The SEC’s Office of Compliance Inspections and Examinations (OCIE) and the Asset Management Unit of the SEC’s Division of Enforcement (AMU) have recently spoken about the focus of both Divisions on private equity fund managers.
This article summarizes:
- OCIE’s examination priorities for the 2013 National Exam Program as they impact private equity, and OCIE’s recent Risk Alert on Adviser Custody and Safety of Client Assets;
- Remarks at The SEC Speaks in 2013 conference concerning issues identified in recent compliance examinations of private equity managers; and
- The remarks of Bruce Karpati, co-chief of the AMU, made at the Jan. 23, 2013 Private Equity International Conference, including a brief discussion of recent enforcement cases.
2013 National Examination Program Priorities
On Feb. 21, 2013, immediately before The SEC Speaks conference, OCIE published its 2013 examination priorities for its National Examination Program. Among other things, the examination program is designed to detect and prevent fraud, monitor fund governance and enterprise risk management, and identify conflict of interest situations. With respect to registered investment advisers, the focus areas for 2013 will be:
Safety of Client Assets - Ensuring compliance with the custody rule, set forth in Rule 206(4)-2 of the Investment Advisers Act (Advisers Act), continues to be a high priority for the SEC. In addition to listing safety of client assets as an examination priority, on March 4, 2013, OCIE published a Risk Alert and Investor Bulletin detailing widespread non-compliance by advisers with various elements of the rule. During examinations, the staff found the following significant deficiencies:
- Failure by fund managers to recognize if and how the custody rule applies to their business operations;
- Lack of true “surprise” audits by independent auditors (if relying on that provision);
- With respect to audits of pooled investment vehicles, the auditor was not “independent” under Regulation S-X , the audited financial statements were not prepared in accordance with GAAP and were not distributed to all fund investors within 120 days of the end of the funds’ fiscal year (or 180 days for fund of funds), and a final audit was not performed on liquidated funds; and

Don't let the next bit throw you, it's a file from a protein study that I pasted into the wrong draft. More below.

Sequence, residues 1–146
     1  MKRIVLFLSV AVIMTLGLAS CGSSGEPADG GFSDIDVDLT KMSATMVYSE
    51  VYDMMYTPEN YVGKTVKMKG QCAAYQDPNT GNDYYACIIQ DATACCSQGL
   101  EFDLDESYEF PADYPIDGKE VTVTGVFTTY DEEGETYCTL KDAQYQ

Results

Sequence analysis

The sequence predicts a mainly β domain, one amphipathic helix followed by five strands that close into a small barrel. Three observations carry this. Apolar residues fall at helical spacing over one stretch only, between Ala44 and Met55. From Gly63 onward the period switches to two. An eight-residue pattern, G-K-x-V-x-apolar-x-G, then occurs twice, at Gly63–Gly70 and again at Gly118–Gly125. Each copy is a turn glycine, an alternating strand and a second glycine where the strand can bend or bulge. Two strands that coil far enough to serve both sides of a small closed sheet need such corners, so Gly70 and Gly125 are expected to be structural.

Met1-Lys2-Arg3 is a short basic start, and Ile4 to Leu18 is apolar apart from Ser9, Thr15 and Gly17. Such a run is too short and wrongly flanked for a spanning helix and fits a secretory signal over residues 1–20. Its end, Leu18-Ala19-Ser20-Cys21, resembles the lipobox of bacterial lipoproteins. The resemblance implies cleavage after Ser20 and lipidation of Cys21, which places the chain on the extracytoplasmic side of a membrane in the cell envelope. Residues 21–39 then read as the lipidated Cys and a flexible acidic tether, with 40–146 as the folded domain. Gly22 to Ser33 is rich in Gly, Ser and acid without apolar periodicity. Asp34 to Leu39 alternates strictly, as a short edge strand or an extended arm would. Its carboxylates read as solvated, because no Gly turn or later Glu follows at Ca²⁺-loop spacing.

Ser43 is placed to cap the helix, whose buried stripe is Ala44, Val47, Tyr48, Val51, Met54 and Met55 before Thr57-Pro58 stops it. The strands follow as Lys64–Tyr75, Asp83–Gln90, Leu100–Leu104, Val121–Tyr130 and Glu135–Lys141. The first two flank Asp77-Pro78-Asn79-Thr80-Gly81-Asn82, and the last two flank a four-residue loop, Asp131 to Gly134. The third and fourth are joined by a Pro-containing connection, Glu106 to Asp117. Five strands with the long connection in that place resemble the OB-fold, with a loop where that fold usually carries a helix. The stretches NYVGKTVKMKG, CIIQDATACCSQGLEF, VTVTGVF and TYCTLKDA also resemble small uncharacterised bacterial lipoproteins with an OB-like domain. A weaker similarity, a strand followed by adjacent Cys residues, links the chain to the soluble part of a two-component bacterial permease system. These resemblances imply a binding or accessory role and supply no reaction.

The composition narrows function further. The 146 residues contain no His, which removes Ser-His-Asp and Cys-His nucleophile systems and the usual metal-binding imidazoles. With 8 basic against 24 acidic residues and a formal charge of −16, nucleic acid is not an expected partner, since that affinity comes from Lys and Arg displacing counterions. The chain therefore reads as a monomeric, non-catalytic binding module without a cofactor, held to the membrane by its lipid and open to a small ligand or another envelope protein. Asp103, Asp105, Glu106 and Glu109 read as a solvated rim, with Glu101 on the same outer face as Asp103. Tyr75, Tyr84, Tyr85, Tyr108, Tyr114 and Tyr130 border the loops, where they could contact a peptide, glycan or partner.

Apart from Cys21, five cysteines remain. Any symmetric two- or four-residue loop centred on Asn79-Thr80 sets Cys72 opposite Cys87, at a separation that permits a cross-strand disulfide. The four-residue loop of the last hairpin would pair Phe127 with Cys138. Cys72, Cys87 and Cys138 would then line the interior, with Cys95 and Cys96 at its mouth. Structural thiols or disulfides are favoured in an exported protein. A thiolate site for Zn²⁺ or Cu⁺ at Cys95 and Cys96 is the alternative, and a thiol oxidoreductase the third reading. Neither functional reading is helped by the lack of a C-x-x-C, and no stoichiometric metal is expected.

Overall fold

- Failure to satisfy several rule provisions concerning the use of a “qualified custodian,” including commingling of firm and client assets, and the manner in which the custodial accounts were held.
The private equity fund business model sometimes raises tricky custody rule issues.
- Compensation - The examination staff will look for undisclosed fees and solicitation arrangements. Particular attention will be given to arrangements with related parties and fees from third parties that are paid or distributed to the fund manager rather than to the fund.
- Marketing - The examination staff will look for aberrational performance of the type that may be an indicator of fraud or weak internal controls. The staff will also focus on the accuracy of advertised performance, hypothetical or back tested performance, the assumptions and methodology used, and compliance with the recordkeeping requirements.
- Misallocation of Investment Opportunities - The examination staff will look for situations where investment opportunities may have been steered to investment vehicles where the manager has a higher fee structure.
Comments at The SEC Speaks
The SEC Speaks is an annual conference sponsored by the Practicing Law Institute, where SEC staff members discuss various topics of interest to the securities industry. Among the speakers this year were several staff members with responsibility for compliance examinations of private fund managers. These OCIE staff noted that the National Examination Program revealed several issues relating to private fund managers, which not surprisingly were also included in the 2013 examination priorities. In addition to the areas previously discussed, issues with various fees were highlighted by the staff:
- Miscalculation of Fees - Fund managers sometimes calculate management fees and carried interest incorrectly.
- Undisclosed Fees - Fees charged to funds that were not disclosed to investors, as well as undisclosed fees and other payments from third parties to the fund manager.
Bruce Karpati’s Comments at the International Private Equity Conference
Bruce Karpati is the co-chief of the AMU, which was created as part of the Enforcement Division’s 2010 reorganization into specialized units. The AMU focuses on investigations involving investment advisers, investment companies, mutual funds, hedge funds and private equity funds.